Pa. unveils new school accountability system that puts less emphasis on standardized testing

This article was originally published in The Notebook. In August 2020, The Notebook became Chalkbeat Philadelphia.

The Pennsylvania Department of Education will unveil a new school quality metric in 2018 — dubbed the Future Ready PA Index — that it believes will foster a more holistic student experience, one less narrowly focused on state standardized tests.

The change was announced Wednesday as part of PDE’s plan to comply with the Every Student Succeeds Act (ESSA). That is the flagship federal education law, updated under President Obama in 2015.

Under that law, states were given more leeway in how to set education policy and spend federal public school dollars.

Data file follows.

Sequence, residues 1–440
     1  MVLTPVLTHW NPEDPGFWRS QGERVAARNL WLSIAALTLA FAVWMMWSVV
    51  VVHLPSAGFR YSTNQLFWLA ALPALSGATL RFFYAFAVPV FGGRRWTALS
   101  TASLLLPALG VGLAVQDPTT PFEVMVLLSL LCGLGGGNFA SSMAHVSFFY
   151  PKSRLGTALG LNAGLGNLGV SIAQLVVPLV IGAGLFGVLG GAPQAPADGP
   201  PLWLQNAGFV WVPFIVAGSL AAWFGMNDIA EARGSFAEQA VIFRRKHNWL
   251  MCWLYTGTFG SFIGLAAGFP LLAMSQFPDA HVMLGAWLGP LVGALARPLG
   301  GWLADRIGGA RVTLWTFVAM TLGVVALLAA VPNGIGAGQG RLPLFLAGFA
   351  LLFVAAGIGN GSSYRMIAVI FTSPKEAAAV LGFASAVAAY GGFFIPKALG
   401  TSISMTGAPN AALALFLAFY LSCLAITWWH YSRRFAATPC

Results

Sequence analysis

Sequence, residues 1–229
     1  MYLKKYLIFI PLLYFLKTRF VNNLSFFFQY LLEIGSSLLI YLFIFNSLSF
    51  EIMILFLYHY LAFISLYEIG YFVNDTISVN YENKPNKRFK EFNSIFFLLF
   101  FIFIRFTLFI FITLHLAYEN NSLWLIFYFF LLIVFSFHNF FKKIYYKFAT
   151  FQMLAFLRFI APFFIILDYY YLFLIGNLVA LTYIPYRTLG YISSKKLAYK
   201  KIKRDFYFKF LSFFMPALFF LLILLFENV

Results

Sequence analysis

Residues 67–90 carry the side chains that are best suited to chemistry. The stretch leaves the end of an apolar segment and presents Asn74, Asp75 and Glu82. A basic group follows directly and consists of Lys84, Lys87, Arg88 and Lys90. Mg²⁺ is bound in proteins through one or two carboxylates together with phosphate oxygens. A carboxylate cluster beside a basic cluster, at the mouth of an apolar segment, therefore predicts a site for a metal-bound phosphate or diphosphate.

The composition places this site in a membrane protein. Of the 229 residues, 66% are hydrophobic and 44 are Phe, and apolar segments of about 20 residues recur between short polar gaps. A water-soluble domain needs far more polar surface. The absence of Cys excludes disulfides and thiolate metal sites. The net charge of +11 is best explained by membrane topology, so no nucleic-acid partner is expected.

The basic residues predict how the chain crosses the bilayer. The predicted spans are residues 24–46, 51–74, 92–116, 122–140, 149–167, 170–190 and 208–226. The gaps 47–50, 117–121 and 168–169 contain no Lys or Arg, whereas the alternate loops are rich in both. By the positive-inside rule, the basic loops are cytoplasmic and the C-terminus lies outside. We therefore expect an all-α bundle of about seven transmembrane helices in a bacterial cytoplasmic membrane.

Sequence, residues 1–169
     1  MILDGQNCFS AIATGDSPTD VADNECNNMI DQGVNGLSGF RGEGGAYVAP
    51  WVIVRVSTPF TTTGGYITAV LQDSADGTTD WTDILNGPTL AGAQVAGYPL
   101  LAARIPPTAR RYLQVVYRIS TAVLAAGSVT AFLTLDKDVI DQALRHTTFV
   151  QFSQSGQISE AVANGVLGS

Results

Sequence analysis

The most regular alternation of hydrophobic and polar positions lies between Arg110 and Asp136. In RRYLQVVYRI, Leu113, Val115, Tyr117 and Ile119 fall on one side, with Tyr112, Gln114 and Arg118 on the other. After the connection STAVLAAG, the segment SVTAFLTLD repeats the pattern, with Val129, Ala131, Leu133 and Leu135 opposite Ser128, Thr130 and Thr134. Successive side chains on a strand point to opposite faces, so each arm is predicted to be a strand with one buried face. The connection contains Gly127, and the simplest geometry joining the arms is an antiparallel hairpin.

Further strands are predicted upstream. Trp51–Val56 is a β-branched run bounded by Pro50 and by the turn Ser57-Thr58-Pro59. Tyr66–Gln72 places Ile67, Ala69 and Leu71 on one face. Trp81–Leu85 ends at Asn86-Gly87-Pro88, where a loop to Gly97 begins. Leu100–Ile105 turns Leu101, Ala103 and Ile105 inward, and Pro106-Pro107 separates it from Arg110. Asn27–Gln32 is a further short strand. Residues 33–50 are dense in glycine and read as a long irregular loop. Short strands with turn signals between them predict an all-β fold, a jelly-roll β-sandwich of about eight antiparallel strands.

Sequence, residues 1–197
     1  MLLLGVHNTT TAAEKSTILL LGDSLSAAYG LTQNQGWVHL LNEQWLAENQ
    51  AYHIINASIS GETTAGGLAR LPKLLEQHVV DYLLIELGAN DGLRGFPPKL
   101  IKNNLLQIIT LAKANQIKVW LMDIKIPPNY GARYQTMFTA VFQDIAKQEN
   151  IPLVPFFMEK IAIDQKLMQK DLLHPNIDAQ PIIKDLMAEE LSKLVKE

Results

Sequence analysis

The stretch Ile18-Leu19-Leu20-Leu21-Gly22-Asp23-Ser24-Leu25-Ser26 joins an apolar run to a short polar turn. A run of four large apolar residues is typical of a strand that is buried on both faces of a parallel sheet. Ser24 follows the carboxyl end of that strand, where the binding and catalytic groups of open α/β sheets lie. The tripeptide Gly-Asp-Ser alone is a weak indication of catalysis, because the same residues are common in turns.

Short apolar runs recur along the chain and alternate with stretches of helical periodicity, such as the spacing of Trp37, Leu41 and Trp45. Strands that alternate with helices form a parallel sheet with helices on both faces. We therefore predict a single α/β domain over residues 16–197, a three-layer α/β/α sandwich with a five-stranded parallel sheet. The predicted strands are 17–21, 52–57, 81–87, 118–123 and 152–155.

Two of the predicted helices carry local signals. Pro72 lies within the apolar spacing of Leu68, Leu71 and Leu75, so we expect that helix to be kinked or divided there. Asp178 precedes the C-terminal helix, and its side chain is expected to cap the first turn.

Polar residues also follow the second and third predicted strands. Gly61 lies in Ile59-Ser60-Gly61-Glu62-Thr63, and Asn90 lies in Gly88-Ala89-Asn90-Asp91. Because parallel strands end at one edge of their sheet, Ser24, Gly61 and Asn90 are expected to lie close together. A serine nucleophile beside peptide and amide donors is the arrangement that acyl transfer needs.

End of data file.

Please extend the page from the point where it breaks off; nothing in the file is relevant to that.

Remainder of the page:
"It’s provided Pennsylvania with a once in a decade opportunity to revisit our assessment, accountability, and student support systems and make changes with greater autonomy than we’ve been able to do in the past," said department deputy secretary Matthew Stem. "It’s really given us an opportunity to focus on more holistic supports and holistic instructional strategies."

Pennsylvania will still have a strong, federally required commitment to standardized testing with scores broken down by subgroup, but Stem says the new plan will push schools to foster better critical thinking and collaboration skills.

He says this will happen, in part, based on a change in how the state evaluates school quality and reports the results.

"We believe that trying to use one number to say that one school is better than another is a flawed approach," said Stem.

Read the rest of this story at Keystone Crossroads